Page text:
Sunday, September 17, 2006

Till Troubles.

"The tills at Pizza Hut would be perfect if...some techy would put a 'return to previous screen' button on it rather than having to actually put an order through to get back to the first screen. But seriously, they are pretty good otherwise...especially when they keep telling me I was bang on the money at the end of the night! :-) I'd hate to have a checkout system with fixed buttons and just a little green screen (presumably what yours is?), as they are totally non user friendly."

My thanks to Pizza Hut Team Member who has drawn attention to the fact that for all the abuse I've heaped on their technological deficiencies I've yet to do a Proper Job on our tills.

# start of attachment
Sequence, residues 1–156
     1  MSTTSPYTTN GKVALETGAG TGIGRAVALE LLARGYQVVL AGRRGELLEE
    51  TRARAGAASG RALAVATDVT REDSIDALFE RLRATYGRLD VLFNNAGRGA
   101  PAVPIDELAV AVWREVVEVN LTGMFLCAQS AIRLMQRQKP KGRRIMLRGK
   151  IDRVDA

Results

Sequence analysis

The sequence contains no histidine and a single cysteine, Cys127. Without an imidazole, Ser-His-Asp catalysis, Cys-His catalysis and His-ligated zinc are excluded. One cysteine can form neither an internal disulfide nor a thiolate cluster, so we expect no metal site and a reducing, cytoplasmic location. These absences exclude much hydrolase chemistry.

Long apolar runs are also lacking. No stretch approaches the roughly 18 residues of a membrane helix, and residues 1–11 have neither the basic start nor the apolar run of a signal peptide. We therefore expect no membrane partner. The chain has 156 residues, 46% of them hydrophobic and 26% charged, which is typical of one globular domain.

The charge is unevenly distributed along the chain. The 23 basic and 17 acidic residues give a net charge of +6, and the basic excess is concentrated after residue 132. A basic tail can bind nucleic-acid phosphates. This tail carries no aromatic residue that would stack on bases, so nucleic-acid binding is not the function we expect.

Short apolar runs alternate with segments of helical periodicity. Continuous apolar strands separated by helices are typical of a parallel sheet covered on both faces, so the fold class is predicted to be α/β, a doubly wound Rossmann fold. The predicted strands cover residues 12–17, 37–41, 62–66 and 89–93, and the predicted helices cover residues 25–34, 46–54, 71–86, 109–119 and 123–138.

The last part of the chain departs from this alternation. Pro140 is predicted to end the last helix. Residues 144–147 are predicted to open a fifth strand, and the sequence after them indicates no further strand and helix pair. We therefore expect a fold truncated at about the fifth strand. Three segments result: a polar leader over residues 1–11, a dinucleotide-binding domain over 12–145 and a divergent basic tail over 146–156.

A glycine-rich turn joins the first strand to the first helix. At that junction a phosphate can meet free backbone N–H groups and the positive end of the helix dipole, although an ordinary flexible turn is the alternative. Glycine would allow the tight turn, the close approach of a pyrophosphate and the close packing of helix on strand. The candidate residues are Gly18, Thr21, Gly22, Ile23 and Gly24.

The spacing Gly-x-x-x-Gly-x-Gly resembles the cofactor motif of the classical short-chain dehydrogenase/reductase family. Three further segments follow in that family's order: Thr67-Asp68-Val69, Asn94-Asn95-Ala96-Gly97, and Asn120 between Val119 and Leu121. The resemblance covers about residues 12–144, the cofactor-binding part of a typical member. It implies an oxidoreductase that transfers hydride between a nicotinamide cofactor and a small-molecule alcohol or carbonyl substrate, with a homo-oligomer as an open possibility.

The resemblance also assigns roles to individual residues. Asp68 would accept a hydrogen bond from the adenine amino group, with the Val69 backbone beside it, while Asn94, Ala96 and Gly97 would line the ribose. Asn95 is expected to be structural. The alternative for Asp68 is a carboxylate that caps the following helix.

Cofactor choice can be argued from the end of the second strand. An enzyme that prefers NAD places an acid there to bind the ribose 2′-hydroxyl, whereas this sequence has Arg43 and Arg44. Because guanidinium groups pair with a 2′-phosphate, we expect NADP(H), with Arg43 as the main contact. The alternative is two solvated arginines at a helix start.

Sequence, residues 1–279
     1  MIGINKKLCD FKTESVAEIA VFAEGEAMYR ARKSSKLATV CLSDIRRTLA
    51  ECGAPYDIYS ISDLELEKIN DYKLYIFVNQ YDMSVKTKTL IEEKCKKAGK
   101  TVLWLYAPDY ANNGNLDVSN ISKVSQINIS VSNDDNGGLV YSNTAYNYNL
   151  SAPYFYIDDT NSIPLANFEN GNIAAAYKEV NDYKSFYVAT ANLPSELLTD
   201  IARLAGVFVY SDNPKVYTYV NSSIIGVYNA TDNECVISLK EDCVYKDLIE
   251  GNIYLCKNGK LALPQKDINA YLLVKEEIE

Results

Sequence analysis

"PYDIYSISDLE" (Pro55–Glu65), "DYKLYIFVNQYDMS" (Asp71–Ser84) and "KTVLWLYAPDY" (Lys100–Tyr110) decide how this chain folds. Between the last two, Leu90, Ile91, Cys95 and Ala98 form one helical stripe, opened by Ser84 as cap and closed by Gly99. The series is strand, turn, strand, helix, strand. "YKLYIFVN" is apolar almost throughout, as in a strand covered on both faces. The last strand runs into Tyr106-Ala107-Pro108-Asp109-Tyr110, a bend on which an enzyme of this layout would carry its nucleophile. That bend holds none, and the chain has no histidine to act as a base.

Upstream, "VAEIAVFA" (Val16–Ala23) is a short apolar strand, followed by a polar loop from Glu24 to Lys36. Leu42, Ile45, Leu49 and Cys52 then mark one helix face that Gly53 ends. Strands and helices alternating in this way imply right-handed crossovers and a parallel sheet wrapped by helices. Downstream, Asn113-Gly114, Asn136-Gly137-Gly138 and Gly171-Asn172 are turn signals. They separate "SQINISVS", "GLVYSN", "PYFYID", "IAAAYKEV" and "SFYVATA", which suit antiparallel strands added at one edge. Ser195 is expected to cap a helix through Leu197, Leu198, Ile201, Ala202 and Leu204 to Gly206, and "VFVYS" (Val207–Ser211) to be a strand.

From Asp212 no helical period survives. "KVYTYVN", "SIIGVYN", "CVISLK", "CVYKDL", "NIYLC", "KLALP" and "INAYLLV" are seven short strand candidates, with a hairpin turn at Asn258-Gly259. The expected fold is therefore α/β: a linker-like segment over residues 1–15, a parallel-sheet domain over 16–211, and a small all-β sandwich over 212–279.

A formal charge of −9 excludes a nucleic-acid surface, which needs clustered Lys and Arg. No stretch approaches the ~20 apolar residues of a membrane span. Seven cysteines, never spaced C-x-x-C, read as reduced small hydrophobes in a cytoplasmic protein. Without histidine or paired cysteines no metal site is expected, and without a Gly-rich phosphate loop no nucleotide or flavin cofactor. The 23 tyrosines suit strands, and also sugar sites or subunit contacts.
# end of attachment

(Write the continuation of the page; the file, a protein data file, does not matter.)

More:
The reason for this is that I rarely bear the brunt of the consequences of their very many failings except in the evening - when we don't have a checkout supervisor employed to act as a buffer between the customers and the shop floor staff on the one hand and 'management' on the other.

I have many times touched on the frailties of The System. The software and hardware (and possibly the firmware, but I don't know what that it) are all fragile, repeatedly patched and vulnerable. They'll keel over at the slightest difficulty or even some days none at all.

For me, trying to keep the business afloat, the absence of management data which flows from the tills is a problem. For the staff the checkouts not operating as they're supposed to is a problem of a different kind. And then there's all the problems that flow from the tills operating as they're expected to...

Card transactions